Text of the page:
Part of the basis for the pushback against non-lawyers using generative AI to perform explicit and formal legal tasks entails the prevailing APL (Authorized Practice of Law) and UPL (Unauthorized Practice of Law) provisions. I have closely analyzed the APL/UPL provisions and pointed out that the future will almost inevitably cause a change to occur since it is highly likely that generative AI will improve and eventually embody the legal field in a robust and lawyering capacity. The work of my AI & Law research lab is steadily making progress, as are many others toward semi-autonomous and ultimately fully autonomous AI-lawyering facilities.

But we aren’t there yet.

An oft-repeated quote about access to justice is worthy of attention and inspiration: “We educated, privileged lawyers have a professional and moral duty to represent the underrepresented in our society, to ensure that justice exists for all, both legal and economic justice,” per Associate U.S. Supreme Court Justice Sonia Sotomayor, in November 2002.

Lawyers are doing their best to provide pro bono legal services. Some would compellingly contend that human lawyering alone though will never be sufficient to meet the public need for justice. The use of generative AI and other AI elements might be a viable means to provide access to justice at scale.

This does not necessarily suggest that human lawyers will be left out to dry. The more prudent notion in the near term is that lawyers will find themselves encountering a greater need for their legal services, sparked by the general public becoming more familiar with their legal rights as a result of utilizing AI.

The AI-savvy lawyer is where the future is hurriedly heading.

Dr. Lance Eliot is a global expert on AI & Law and serves as a Stanford Fellow affiliated with the Stanford Law School (SLS) and the Stanford Computer Science Department via the Center for Legal Informatics. His popular books on AI & Law are highly rated and he has been an invited keynote speaker at major law industry conferences. His articles have appeared in numerous legal publications including MIT Computational Law Journal, Robotics Law Journal, The AI Journal, Computers & Law Journal, Oxford University Business Law (OBLB), New Law Journal, The Global Legal Post, Lawyer Monthly, Legal Business World, LexQuiry, The Legal Daily Journal, Swiss Chinese Law Review Journal, The Legal Technologist, Law360, Attorney At Law Magazine, Law Society Gazette, and others. Dr. Eliot serves on AI & Law committees for the World Economic Forum (WEF), United Nations ITU, IEEE, NIST, and other standards boards, and has testified for Congress on emerging AI high-tech aspects. He has been a professor at the University of Southern California (USC) and served as the Executive Director of a pioneering AI research lab at USC. He has been a top executive at a major Venture Capital (VC) firm, served as a corporate officer in several large firms, and been a highly successful entrepreneur.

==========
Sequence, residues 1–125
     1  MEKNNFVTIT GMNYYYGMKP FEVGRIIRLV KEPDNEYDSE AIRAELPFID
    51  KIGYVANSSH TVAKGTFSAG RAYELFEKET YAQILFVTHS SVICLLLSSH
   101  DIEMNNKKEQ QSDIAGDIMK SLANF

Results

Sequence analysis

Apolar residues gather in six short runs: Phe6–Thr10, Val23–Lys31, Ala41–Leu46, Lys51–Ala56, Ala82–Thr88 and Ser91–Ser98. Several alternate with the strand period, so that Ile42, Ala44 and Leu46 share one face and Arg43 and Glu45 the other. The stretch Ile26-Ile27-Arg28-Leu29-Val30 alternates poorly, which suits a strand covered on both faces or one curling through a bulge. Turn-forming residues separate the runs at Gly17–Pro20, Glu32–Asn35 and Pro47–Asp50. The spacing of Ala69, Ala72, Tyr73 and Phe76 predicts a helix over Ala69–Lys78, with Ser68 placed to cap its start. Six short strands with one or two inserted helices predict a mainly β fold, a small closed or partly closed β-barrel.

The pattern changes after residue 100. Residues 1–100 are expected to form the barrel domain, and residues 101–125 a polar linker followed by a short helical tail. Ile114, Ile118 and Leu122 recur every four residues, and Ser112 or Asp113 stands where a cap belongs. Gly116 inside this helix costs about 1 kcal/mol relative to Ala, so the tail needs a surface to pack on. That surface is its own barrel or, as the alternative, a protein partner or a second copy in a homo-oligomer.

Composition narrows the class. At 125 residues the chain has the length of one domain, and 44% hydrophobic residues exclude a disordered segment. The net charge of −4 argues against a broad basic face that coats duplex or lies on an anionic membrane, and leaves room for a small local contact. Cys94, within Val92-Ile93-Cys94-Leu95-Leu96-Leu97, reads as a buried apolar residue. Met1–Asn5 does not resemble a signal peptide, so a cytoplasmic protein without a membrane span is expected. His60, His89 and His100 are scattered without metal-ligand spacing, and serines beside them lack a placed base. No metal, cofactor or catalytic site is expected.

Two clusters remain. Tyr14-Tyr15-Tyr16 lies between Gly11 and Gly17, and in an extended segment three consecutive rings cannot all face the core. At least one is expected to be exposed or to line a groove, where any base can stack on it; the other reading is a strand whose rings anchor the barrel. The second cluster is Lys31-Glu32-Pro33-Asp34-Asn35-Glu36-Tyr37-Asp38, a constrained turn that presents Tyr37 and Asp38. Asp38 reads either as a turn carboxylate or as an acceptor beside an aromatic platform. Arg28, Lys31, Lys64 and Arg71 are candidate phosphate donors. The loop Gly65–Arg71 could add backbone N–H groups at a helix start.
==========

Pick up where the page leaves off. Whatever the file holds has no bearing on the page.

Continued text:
This research is part of an ongoing initiative on AI & Law and thanks go to the Stanford University CodeX Center for Legal Informatics, a center jointly operated by the Stanford Law School (SLS) and the Stanford Computer Science Department. CodeX ‘s emphasis is on the research and development of computational law—the branch of legal informatics concerned with the automation and mechanization of legal analysis.

Suggested citation: Lance Eliot, As Non-Lawyers Increasingly Seek Legal Advice From ChatGPT, Other AI, Access to Justice is Both Aided and Muddled, JURIST – Academic Commentary, March 7, 2023,